October was not a very good month for the Pittsburgh Penguins.
They entered it confident that they could contend for a Stanley Cup, but have left it marooned at the bottom of the Eastern Conference standings.
And they ended up there because of what has to be their most gut-wrenching defeat of the season. And maybe in years.
Mason McTavish beat Tristan Jarry on a shorthanded breakaway with 12.8 seconds left in the third period to give Anaheim a 4-3 victory at PPG Paints Arena Monday evening.
That would have been bad enough, but McTavish got his goal immediately after leaving the penalty box, where he had watched the Ducks snuff a 5-on-3 Penguins power play that lasted one minute, 49 seconds.
“Right now, we’re finding ways to lose,” Penguins coach Mike Sullivan said. “We need to find ways to win.”
The loss was the Penguins’ fifth in six games — the past four of which were played at home — and dropped their record to 3-6.
Anaheim, meanwhile, completed a 4-0 road trip.
The Penguins started the opening period with something that hadn’t been part of their game for a couple of weeks — a power-play goal.
Ducks defenseman Radko Gudas was sent off for tripping two minutes into the opening period, and Erik Karlsson hammered a shot past Anaheim goalie John Gibson from the top of the right circle 55 seconds later.
Evgeni Malkin and Reilly Smith got assists on the goal, which was Karlsson’s second of the season and his first point in five games.
Karlsson’s goal was the Penguins’ first during a power play in seven games; they had failed to manufacture one in seven of their first eight games, the lone exception being a 2-for-3 performance during a 4-0 victory in Washington in Game 2.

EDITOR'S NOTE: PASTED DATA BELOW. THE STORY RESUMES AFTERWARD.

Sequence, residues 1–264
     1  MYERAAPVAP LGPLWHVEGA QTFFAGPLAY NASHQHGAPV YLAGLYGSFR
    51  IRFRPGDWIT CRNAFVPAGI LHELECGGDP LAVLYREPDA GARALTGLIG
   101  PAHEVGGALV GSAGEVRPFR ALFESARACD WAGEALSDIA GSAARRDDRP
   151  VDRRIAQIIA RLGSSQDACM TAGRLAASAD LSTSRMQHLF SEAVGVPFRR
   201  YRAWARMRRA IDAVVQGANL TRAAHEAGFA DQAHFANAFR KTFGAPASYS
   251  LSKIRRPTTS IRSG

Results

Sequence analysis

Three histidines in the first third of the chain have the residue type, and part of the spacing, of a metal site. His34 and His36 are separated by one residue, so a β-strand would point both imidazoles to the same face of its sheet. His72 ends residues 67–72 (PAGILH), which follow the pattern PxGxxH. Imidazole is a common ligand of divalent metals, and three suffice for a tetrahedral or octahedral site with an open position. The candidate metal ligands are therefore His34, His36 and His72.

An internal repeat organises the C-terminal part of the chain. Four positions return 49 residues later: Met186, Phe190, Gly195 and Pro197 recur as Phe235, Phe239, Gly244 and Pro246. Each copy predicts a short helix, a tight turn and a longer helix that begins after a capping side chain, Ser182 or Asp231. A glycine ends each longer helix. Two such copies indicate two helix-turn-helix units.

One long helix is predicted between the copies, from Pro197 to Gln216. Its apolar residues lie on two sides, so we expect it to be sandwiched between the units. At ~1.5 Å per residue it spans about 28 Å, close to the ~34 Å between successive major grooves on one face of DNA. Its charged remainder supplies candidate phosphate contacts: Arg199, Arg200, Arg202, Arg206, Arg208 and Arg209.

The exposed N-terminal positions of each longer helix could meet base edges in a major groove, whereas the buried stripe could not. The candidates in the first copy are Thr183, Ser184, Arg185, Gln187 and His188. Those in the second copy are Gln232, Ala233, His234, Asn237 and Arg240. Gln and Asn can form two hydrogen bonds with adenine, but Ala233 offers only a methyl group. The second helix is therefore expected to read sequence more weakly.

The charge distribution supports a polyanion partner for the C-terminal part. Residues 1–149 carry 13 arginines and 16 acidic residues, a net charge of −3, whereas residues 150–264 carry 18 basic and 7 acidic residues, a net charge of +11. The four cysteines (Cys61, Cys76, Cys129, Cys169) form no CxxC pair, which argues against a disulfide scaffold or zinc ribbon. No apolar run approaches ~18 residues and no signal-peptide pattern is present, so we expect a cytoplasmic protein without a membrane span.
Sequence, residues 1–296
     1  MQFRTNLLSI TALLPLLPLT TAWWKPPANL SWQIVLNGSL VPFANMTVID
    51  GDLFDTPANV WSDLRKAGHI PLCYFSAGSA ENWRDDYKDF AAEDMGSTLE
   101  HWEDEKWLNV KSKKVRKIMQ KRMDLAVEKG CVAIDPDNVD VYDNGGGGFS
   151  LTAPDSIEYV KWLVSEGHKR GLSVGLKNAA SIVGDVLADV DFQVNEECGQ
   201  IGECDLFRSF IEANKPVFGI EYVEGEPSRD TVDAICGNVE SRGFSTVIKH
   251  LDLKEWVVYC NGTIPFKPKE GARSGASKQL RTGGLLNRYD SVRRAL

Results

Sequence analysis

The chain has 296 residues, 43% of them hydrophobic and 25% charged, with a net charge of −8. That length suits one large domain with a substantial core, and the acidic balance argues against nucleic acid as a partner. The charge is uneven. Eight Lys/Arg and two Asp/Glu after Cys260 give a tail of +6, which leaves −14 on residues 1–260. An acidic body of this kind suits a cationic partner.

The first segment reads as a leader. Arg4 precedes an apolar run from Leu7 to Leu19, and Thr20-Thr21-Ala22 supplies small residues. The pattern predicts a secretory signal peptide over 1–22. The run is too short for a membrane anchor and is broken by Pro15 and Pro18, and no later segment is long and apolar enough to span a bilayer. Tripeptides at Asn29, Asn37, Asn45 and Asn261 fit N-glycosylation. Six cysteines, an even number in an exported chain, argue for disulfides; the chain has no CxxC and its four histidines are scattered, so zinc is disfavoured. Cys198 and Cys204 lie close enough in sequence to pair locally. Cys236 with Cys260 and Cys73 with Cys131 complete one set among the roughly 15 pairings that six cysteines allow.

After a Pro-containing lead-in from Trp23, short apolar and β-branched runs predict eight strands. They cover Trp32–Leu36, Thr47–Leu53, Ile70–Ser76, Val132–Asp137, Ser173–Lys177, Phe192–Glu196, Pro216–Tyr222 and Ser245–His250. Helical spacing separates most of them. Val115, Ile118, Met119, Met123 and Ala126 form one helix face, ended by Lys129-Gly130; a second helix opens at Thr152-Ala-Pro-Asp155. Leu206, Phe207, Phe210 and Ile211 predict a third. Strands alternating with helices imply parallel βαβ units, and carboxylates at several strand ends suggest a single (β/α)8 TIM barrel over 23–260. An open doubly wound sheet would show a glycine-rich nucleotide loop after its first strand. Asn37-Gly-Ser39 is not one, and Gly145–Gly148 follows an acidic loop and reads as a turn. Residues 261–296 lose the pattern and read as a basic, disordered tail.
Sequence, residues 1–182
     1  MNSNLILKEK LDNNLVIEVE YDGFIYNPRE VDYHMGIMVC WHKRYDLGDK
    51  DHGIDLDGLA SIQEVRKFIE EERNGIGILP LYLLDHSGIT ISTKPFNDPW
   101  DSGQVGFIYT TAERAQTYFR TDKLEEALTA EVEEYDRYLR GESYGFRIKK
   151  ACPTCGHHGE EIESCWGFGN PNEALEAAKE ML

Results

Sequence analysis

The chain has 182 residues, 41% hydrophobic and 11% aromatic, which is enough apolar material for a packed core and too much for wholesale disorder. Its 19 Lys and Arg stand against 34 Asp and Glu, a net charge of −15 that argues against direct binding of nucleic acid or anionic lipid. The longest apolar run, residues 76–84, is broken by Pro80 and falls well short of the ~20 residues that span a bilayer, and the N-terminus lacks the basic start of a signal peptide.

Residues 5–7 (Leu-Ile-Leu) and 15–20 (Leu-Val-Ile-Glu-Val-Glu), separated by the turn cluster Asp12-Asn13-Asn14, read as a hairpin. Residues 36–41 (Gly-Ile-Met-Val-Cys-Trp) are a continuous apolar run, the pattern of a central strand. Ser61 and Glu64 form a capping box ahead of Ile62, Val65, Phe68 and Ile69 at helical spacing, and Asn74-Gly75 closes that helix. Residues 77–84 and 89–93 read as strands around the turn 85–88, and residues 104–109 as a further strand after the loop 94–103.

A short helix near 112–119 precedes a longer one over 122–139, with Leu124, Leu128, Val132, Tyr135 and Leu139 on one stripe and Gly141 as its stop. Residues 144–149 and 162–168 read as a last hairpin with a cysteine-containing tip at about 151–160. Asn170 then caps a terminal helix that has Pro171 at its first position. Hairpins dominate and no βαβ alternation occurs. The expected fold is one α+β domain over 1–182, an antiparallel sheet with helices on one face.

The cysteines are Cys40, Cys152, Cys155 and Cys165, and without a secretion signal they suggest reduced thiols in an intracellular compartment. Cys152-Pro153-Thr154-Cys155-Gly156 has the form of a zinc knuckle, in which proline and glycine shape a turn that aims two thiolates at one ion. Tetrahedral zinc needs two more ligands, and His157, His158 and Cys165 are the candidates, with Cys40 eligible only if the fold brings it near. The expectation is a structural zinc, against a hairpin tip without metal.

After the Penguins killed a tripping minor assessed to Ryan Graves at 3:26, Jakob Silfverberg pulled Anaheim even by tucking in a shot from near the left post at 8:28.
Bryan Rust, who entered the game tied with Sidney Crosby for the team lead in goals with five, had a chance to put the Penguins back in front when he got a breakaway just 10 seconds after Silfverberg scored, but he was unable to beat Gibson.
The Penguins got their second man-advantage of the period when Anaheim’s Cam Fowler went off for holding at 18:37, and Gibson had to make a remarkable stop on Crosby in the waning seconds to preserve the tie.
Crosby had the puck in the right circle and threw it toward what appeared to be an empty net, but Gibson was able to lunge and get the blade of his stick on the shot.
Gibson injured himself making that stop, and was replaced by Lukas Dostal at the start of the second period.
Although the Penguins dominated the first half of the second period, partly because of the penalty that carried over from the first 20 minutes and another given to Anaheim center Adam Henrique at 3:17, they were unable to generate a go-ahead goal.
The Ducks finally got another chance with the extra man and Penguins-killer Frank Vatrano made the most of it, sticking a high shot past Jarry from the left dot at 11:51, just 35 seconds after Crosby was called for holding.
The goal was Vatrano’s ninth in nine games and his 10th in 19 career games against the Penguins.
Rust made at least three saves in and around the crease during a furious Anaheim flurry a few minutes later to keep the Pittsburgh Penguins within one.
The Ducks appeared to take a 3-1 lead at 18:20, but the goal was immediately waved off by referee Frederick L’Ecuyer, who ruled that Sam Carrick had pushed Karlsson into Jarry.
Anaheim coach Greg Cronin challenged that decision, but it was upheld by a video review and, per NHL rules, the Ducks were assessed a delay-of-game minor.
Cronin vigorously protested NHL Situation Room’s verdict, and was given an unsportsmanlike conduct penalty, which meant the Penguins had a two-man advantage for up to two minutes.
They needed 65 seconds of it to tie the game, as Evgeni Malkin drove a slapshot by Dostal from the top of the right circle with 34.3 seconds to go before the intermission.
Karlsson got the lone assist on that goal, Malkin’s fifth.
Cronin, visibly outraged by what had transpired, was given a game misconduct after Malkin scored.
His mood probably didn’t improve when Radim Zohorna put the Penguins back in front, 3-2, at 1:25 of the third, as he backhanded a Drew O’Connor rebound by Dostal, but the lead didn’t last long.
The Penguins were unable to get the puck out of their end and Ryan Strome got it to McTavish, who was alone in front of Jarry and put the puck past him at 3:01. It proved to be the first of two goals he would get in the period.
The Pittsburgh Penguins are scheduled to practice Tuesday at noon at UPMC Lemieux Sports Complex.